Political Theory in Society: Comparative and Historical Perspectives
Panel Chair: Petri Koikkalainen (University of Lapland)
Contact Details: firstname.lastname@example.org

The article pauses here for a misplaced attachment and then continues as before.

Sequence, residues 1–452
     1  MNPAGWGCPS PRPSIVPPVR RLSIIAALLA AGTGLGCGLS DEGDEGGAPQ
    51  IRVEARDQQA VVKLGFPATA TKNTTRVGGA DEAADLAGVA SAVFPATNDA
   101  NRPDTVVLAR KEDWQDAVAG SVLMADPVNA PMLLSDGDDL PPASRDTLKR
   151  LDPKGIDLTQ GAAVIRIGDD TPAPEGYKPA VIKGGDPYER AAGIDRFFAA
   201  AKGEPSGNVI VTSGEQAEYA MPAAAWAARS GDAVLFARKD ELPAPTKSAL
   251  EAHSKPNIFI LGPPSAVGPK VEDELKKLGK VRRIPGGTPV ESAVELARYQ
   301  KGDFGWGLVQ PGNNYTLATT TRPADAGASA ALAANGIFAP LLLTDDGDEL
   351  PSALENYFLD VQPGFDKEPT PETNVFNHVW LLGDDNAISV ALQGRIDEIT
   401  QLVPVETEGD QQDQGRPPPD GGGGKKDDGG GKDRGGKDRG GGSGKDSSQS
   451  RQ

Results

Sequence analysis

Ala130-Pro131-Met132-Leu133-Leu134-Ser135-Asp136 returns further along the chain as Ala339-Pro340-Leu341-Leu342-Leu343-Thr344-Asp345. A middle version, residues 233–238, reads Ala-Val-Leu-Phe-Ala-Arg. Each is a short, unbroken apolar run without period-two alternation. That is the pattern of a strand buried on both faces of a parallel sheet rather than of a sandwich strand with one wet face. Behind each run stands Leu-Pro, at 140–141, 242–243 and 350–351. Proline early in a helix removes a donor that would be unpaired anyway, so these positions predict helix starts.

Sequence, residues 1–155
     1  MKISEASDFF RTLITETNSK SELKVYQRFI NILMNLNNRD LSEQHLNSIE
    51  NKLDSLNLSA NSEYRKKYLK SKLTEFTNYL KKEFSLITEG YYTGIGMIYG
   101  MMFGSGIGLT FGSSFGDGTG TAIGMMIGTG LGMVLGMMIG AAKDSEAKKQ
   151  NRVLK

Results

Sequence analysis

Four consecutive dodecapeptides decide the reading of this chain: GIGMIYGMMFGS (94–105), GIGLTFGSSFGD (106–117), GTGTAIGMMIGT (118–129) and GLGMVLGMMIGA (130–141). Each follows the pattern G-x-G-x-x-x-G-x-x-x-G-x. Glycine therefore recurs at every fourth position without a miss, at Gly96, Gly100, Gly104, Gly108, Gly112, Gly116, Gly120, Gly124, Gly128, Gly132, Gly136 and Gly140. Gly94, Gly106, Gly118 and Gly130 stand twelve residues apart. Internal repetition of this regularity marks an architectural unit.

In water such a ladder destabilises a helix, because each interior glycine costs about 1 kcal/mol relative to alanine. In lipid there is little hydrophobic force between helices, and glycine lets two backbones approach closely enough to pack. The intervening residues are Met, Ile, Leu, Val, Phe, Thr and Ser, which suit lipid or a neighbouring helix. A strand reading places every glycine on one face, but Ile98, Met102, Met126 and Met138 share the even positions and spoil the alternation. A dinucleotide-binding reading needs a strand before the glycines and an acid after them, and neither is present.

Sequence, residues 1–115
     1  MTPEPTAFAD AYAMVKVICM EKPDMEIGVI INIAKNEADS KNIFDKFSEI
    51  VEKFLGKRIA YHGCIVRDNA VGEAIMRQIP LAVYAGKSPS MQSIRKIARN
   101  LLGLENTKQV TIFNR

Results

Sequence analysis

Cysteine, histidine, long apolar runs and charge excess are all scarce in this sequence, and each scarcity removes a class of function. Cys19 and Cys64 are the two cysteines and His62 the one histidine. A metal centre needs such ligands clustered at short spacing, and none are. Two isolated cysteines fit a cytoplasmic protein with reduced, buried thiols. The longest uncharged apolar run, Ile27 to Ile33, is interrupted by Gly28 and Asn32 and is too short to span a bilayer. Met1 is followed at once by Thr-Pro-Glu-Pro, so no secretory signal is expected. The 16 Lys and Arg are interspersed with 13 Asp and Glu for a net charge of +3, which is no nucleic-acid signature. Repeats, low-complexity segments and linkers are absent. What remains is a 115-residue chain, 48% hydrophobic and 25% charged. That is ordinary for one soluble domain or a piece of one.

Rather than focusing on a single national genre or sub-discipline of political theory, this panel concentrates on the various attempts to theorise politics that have taken place under diverse headings such as political theory, political philosophy, and the history of political thought. We also invite papers that pay attention to the significant national and historical variation in such theoretical approaches to politics, as well as to the variation in the public roles of the theorists and their influence on past and contemporary societies. Provisionally, the time-frame of the presentations could extend from the 1930s-40s to the present, thus enabling the treatment of themes such as the crisis of ideology around WWII and the proclaimed death of “traditional” political philosophy in the mid-1950s, the partial replacement of political philosophy by “empirical theory” in political science, the rise of the “new history of political thought”, and the revival of normative “new political philosophy” after Rawls. In the midst of these cross-pressures, “political theory” signified a number of different things, for example, the persistent defence of the distinct quality of “the political” against social, economic, behavioural or positivist interpretations of society. Recently, political theorists have re-established their connection to normative political ideology under such headings as liberalism, communitarianism, republicanism, and deliberative democracy. In short, we wish to be able to comparatively and historically elucidate the role and significance of political theory and philosophy in societies, as well as the public roles of political theorists, philosophers, intellectual historians and others who claim to have developed relevant theoretical approaches to modern politics.